[0030] User experience at social media and web platforms may be influenced by the performance and scalability of its products. Applications such as personalized search and recommendations require real-time scoring of millions of structured candidate documents associated with each query, with strict latency constraints. In such applications, the query incorporates the context of the user (in addition to search keywords if present), and hence can become very large, comprising thousands of Boolean clauses over hundreds of document attributes. Consequently, candidate selection techniques may simplify or streamline retrieval and scoring of matching documents from underlying inverted indices.

[0031] The methods and systems described herein may be implemented in real time using a search engine configured for the social networking system. In such embodiments, the methods and systems of the present disclosure describe building machine learned queries for candidate selection and execution of machine-learned queries on inverted indices. Traditionally, search engine systems may allow a small number of keywords to be used for retrieval of the relevant documents from the inverted index. Inverted indices provide a way for real time extraction of relevant documents for the information needs specified in the query format. One application which may benefit from real-time processing is job recommendation, which is a context based recommendation system. The real-time, context-based recommendation system may use member profiles stored in a structured format to perform a structured query in an index of jobs. The inverted index may be bound with an approach of machine learned candidate selection to serve recommendation results. The methods and systems may perform evaluations of differing training data approaches and parameter settings. These evaluations may monitor and identify scalability of differing candidate selection models. In some instances, the training data is built or selected for use in learning or training a candidate selection query model.

[0032] Example methods and systems for machine learned candidate selection models over structured queries and documents are described. In some embodiments, the machine learned candidate selection models may make use of Weighted AND (WAND) queries. Methods and systems described herein may prune irrelevant documents and retrieve documents that are likely to fulfill the information need of the user. The methods and systems may employ a shrinkage algorithm to learn non-negative weights for features that are used as part of the weighted candidate selection query. As described in more detail below, the methods and systems of the present disclosure may enable significant reduction in latency without sacrificing quality of retrieved results enabling more sophisticated scoring models. In the following description, for purposes of explanation, numerous specific details are set forth in order to provide a thorough understanding of example embodiments. It will be evident, however, to one skilled in the art that the embodiments of the present disclosure may be practiced without these specific details.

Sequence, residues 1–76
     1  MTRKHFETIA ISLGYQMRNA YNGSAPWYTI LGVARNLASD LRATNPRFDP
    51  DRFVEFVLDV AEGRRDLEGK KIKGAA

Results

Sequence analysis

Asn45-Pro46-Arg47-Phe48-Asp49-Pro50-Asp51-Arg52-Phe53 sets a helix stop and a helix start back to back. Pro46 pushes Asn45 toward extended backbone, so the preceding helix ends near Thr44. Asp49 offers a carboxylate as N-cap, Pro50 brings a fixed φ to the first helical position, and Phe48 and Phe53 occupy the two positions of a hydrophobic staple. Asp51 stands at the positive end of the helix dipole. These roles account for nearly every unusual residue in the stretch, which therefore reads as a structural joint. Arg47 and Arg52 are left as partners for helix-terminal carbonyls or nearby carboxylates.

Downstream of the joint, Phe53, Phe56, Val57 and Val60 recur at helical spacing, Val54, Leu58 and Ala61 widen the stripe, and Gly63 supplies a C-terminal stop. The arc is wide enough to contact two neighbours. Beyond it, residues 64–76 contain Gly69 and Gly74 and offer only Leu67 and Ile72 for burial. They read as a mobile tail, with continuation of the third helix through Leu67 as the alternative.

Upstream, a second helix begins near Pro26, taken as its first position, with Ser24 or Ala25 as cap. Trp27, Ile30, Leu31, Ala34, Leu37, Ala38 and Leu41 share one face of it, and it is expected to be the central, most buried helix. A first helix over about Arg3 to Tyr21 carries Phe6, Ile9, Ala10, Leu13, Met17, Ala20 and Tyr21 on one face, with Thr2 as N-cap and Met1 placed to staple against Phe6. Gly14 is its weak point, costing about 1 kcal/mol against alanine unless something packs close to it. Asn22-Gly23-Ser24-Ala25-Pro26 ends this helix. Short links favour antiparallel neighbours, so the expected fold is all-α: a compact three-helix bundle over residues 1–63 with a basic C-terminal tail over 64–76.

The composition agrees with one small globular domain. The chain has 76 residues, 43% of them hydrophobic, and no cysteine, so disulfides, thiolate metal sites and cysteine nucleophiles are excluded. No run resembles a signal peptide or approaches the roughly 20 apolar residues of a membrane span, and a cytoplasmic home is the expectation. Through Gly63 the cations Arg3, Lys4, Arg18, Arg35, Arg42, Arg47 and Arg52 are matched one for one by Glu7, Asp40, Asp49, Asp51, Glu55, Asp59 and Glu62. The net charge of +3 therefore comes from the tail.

[0033] In the case of job recommendation retrieval, a member profile may be used as a query, which may contain a plurality (e.g., thousands) of words. In the case of the content-based recommendation (e.g., job recommendation), the systems and methods may deal with "short query" performance limitation of the inverted indexes. For example, methods and systems of the present disclosure may build job recommendations for a member of the social networking system who is looking for a senior software engineer position in United States in a specified location (e.g. Silicon Valley). The member may have experience in mathematics, Visual Studio, C++, Java, and Linux. In this particular example, if a recommendation system uses a word (e.g., software) as part of the query, just using this word may lead to estimating the likelihood that the member would fit a job for all the jobs in the Informational Technology industry. The broad estimation may be triggered because a list of documents, which contain "software," may contain hundreds of thousands of candidate job descriptions to be processed. This processing may be an expensive operation (e.g., computational expense, time expense, resource expense, and financial expense). Further, the broad estimation may capture a sufficient number of documents that the process of retrieving the documents or paring the identified results may not be possible to execute in real time.

[0034] The methods and systems of the present disclosure describe building machine learned queries for candidate selection and execution of machine-learned queries on inverted indices and may address the issues described above. These methods and systems may construct machine-learned models for candidate selection on structured inverted indices based on described feature shrinking algorithms to learn the non-negative weights for features used as part of the WAND query. The methods and systems may also use the candidate selection module to construct queries and extract candidate documents from the inverted indices.